But once they settle on a park and become a part of the community they may tend to stay in that same park. Even if they regret (later) not buying into a resident-owned park it is now tough to move and start again.

If you think you would prefer a resident-owned park, but are not ready to make the investment, then you should consider just renting the trailer in your chosen park to see what it is like.

Budget

The number one issue is budget. There is a considerable difference in the 'original' investment required to buy into a resident-owned park rather than renting a lot in a private park. (see: how much will it cost me section) The difference of buying at (say) $15,000 compared to (maybe) $100,000 or more is understandably a huge impediment to choosing a resident-owned park.

But there is also a budget advantage. As you are not paying rent your annual operating costs are lower. You will be assessed a form of 'condo fee' but that is less than you would pay when renting your trailer lot in a private park.

And you can feel comfort in knowing that any monthly fee increases are based on actual cost increases and less subject to inflationary market/supply forces.

The 'Security' Advantages of Resident-Owned

There are two 'primary' advantages of resident-owned parks. They both relate to the security that is important to many retirees.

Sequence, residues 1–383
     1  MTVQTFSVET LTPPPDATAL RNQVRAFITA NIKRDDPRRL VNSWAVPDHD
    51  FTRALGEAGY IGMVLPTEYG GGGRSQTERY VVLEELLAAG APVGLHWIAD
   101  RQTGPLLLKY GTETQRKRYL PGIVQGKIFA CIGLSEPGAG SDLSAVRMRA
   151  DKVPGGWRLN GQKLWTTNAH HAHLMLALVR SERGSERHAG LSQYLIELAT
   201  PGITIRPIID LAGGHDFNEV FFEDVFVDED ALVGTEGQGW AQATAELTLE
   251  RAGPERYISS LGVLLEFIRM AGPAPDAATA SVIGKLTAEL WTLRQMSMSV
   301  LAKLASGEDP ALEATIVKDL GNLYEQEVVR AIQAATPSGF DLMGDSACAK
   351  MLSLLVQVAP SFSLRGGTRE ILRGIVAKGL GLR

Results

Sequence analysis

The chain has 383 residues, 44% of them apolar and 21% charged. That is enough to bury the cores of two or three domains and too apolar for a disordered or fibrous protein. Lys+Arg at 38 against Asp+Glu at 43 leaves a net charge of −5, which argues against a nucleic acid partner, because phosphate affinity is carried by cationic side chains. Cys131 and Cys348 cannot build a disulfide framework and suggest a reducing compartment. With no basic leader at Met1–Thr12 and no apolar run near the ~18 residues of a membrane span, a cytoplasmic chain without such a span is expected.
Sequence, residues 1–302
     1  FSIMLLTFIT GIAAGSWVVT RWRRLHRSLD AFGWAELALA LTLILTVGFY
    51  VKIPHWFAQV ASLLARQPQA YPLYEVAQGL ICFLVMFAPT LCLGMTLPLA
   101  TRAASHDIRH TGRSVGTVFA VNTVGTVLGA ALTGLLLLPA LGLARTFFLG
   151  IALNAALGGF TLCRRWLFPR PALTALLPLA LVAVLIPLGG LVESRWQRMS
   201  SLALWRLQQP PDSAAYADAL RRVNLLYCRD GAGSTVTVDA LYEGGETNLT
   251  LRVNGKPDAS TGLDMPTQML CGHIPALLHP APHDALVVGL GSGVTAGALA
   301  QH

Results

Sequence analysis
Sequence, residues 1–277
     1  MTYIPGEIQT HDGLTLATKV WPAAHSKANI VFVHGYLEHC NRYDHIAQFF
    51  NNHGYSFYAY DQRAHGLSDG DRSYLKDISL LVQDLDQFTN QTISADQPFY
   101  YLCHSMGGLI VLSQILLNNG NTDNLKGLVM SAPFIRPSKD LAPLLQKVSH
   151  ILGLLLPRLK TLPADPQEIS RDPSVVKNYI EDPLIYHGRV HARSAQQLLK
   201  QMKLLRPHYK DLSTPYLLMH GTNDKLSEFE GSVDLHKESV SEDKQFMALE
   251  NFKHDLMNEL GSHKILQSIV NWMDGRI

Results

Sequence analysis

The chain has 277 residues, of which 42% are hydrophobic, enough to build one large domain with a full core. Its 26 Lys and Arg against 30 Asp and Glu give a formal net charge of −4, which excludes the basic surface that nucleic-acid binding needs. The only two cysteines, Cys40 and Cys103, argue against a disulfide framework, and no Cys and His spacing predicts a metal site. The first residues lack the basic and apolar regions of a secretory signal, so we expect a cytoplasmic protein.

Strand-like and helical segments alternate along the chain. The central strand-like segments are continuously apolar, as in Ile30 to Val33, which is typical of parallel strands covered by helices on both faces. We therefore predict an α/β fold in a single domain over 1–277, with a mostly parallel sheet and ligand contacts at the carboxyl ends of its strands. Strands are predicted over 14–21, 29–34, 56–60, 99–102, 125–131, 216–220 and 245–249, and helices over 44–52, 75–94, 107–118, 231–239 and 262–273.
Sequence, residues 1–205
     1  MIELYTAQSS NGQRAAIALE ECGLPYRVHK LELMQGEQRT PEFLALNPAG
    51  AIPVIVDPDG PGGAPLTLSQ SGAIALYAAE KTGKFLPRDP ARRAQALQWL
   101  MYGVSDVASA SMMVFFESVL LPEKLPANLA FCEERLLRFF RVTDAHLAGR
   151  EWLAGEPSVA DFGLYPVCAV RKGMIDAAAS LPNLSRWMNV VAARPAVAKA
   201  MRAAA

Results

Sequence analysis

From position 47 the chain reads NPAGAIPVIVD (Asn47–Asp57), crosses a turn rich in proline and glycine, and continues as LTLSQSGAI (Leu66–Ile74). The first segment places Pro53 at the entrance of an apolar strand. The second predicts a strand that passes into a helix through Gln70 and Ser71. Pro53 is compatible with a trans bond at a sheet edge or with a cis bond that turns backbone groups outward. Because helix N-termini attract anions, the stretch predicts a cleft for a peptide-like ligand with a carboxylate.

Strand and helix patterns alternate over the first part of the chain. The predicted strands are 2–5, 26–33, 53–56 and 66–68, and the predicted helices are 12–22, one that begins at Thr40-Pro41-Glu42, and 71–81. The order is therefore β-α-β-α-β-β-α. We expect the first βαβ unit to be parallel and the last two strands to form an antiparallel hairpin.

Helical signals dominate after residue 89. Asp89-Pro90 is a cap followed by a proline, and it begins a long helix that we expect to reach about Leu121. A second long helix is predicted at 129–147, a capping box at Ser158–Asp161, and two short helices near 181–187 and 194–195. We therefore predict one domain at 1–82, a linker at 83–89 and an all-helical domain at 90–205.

1. Security of Investment

    Many people strongly prefer owning their properties, whether it is their house or condo 'back home' or their winter residence.

    Buying your own lot and your share (in the park ownership) can be a good hedge against future potential inflation.

    At the time of retirement most seniors want the comfort of knowing what their costs 'are going to be'. Those living on primarily fixed incomes do not want to get hit by inflationary pressures in later years.

    Despite the current downturn in real estate prices the properties in resident-owned parks have not been subject to the same negative impact. Over time, the property values in resident-owned parks has risen. There is no reason to believe that this will change over the next few years.

    Of course economic forces will affect all properties and all properties are subject to swings in the marketplace. But the huge baby boomer market that may soon impact all retirement facilities could easily drive up prices in the fairly near future.

  2. Security in Participation

    As a shareholder in a resident-owned park you have both the right and the opportunity to participate in the decision-making process.

    While some people may prefer not to participate, there is comfort in knowing that you do have that right and (maybe most important) that those making the decisions are residents just like you.

    The decisions being made are intended to be in the best interests of the park residents. Budgets, facilities, rules, activities, and all operating procedures are managed by an elected board.

    While you may not like some of the decisions that are taken, at least you have an opportunity for input.

There can be other risks associated with renting in a private park compared to investing in the owner parks.

Although rare, it 'has happened' where a private owner decides to sell the property for some new major development. In that case all the trailer owners have a problem. The cost to move to another park is one issue but also the age of the trailer may even prevent that.

A private park can also be sold to new owners who decide to change the rules, rents, or other things impacting the residents. But market forces are also at play and any owner is wise to provide good customer service if they want to be successful in the long haul.